Amicus argues that Morley's reference to a lack of "power" does not suggest that the cross-appeal require ment is "an unqualified bound on the jurisdiction of the courts of appeals." Amicus Br. 30 (quoting Neztsosie, 526 U.S. at 480). Morley, however, did not treat the cross-appeal requirement as merely a "flexible 'rule of practice'" that can be dispensed with for any "good rea son." See Amicus Br. 29-30 (citation omitted). This Court similarly used the terms "power" and "authority" in Carlisle in holding that a district court lacked author ity to grant a postverdict motion for judgment of acquit tal filed one day outside the time limit prescribed by the Federal Rules. See Carlisle, 517 U.S. at 421-422, 433. While this Court has since explained that the holding in Carlisle was not a "jurisdictional" one, the Court has made clear that such non-jurisdictional claim-processing rules are mandatory and inflexible when properly in voked. See Eberhart v. United States, 546 U.S. 12, 18-19 (2005) (per curiam); Kontrick v. Ryan, 540 U.S. 443, 454-456 (2004).

Similarly, the relevant timing deadlines for criminal sentencing appeals do not have jurisdictional signifi cance (see Amicus Br. 34-36; U.S. Br. 24-26), but those rigid time restrictions nevertheless foreclosed the court of appeals' action here. See U.S. Br. 33-37. Parties may cross-appeal after the deadline for filing a notice of ap peal. See, e.g., Fed. R. App. P. 4(b)(1)(A)(ii) and (B)(ii). But that additional period for filing a cross-appeal has a definite limit, including a restriction on the court's authority to provide extensions. Fed. R. App. P. 4(b)(4), 26(b)(1). Under this Court's cases, these time limits must be enforced when properly invoked. They should not be circumvented by sua sponte action of the court. See, e.g., Carlisle, supra. A rule permitting such action could only give parties who missed the cross-appeal deadline an incentive to hint at claims of error in hopes that the court of appeals would correct the error on its own.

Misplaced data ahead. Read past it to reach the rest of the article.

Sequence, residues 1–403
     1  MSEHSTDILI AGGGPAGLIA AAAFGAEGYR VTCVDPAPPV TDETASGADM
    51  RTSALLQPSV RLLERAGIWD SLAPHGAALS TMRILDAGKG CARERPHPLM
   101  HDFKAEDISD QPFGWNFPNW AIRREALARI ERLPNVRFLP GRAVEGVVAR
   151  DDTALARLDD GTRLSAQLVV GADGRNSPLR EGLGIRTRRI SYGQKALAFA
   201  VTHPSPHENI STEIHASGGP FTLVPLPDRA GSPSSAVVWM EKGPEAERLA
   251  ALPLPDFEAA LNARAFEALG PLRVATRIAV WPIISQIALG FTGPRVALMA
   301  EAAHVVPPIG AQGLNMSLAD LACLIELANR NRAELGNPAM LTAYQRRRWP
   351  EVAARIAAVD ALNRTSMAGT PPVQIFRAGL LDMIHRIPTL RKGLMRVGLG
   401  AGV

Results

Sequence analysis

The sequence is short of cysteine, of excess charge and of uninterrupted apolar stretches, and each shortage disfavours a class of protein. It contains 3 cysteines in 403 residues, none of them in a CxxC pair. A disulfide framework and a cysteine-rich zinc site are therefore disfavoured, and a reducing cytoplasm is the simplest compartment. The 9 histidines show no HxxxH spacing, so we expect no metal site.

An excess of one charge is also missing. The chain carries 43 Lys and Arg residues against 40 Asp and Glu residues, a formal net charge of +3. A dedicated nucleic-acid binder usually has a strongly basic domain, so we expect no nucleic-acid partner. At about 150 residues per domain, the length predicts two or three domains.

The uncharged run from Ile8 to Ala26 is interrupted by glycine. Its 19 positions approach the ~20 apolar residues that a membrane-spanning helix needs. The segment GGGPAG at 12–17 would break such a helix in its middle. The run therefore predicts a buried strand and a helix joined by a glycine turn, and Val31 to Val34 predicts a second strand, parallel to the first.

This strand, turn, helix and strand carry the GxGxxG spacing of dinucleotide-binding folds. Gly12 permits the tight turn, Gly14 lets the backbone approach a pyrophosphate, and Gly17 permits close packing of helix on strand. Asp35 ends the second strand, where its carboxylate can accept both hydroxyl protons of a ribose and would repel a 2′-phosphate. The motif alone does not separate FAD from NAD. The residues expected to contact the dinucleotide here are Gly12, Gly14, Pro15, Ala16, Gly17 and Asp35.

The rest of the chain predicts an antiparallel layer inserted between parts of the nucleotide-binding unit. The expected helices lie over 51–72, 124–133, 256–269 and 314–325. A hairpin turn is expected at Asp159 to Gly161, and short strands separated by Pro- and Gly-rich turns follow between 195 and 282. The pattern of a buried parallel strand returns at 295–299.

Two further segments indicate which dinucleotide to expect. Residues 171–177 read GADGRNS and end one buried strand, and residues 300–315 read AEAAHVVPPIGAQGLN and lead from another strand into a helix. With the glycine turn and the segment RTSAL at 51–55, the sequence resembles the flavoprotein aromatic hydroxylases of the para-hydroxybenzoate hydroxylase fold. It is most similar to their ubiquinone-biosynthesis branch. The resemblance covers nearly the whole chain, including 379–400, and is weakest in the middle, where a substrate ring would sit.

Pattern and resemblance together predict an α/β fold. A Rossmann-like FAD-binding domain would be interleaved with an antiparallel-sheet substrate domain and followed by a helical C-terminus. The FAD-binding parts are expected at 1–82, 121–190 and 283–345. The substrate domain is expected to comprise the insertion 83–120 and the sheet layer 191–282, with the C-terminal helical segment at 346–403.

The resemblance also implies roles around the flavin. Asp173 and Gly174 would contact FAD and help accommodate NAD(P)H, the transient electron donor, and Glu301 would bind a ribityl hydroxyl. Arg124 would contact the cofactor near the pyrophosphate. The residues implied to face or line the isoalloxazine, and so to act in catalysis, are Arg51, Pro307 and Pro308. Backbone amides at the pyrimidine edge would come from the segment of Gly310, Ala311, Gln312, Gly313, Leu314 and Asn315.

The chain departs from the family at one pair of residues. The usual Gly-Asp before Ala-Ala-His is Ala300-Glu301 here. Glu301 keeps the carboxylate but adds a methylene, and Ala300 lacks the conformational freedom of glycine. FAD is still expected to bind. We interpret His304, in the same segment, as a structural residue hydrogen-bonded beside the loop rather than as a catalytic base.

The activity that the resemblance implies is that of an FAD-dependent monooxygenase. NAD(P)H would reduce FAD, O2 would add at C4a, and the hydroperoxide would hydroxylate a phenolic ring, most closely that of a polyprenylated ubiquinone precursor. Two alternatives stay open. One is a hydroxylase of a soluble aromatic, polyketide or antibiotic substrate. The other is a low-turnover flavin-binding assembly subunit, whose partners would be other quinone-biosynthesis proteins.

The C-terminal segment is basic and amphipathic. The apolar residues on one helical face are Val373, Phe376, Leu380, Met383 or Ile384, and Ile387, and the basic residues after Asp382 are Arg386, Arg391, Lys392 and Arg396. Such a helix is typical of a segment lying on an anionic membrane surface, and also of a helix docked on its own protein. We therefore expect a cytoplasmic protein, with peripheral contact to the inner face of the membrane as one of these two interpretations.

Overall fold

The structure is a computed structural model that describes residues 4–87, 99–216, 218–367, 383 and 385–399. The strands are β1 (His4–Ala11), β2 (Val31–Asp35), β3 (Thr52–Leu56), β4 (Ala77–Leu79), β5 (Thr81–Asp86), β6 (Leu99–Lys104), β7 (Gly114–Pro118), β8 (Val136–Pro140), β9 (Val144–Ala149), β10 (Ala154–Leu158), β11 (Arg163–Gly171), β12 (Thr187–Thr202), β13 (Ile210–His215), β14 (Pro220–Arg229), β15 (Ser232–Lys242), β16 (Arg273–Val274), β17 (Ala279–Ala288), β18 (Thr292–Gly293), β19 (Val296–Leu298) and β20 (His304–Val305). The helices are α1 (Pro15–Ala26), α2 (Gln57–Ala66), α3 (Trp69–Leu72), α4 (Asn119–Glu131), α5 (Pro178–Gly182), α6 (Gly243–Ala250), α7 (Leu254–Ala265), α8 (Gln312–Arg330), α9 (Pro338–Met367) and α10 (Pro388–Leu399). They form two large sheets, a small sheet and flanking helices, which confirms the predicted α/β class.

2. Amicus asserts (Br. 30) that "[v]arious circuits have adhered to the rule-of-practice position for de cades," but even if that were true, Neztsosie viewed the matter otherwise. While Neztsosie did not resolve the circuit conflict over the "theoretical status" of the rule as "strictly jurisdictional" or not, the Court made clear that the "firmly entrenched rule" was subject to few, if any, exceptions. 526 U.S. at 480 & n.2. And, although amicus cites post-Neztsosie courts of appeals' decisions, see Amicus Br. 30, none of those decisions discusses how a "flexible rule of practice" approach can be squared with Neztsosie. The one decision that, despite citing Neztsosie, relaxed the rule did so because the law had changed after the time for cross-appeal had lapsed. Lee v. Burlington N. Santa Fe Ry., 245 F.3d 1102, 1107 (9th Cir. 2001). If such an exception were justified, it would hardly mean that the cross-appeal rule disappears whenever the court sees plain error under existing law.6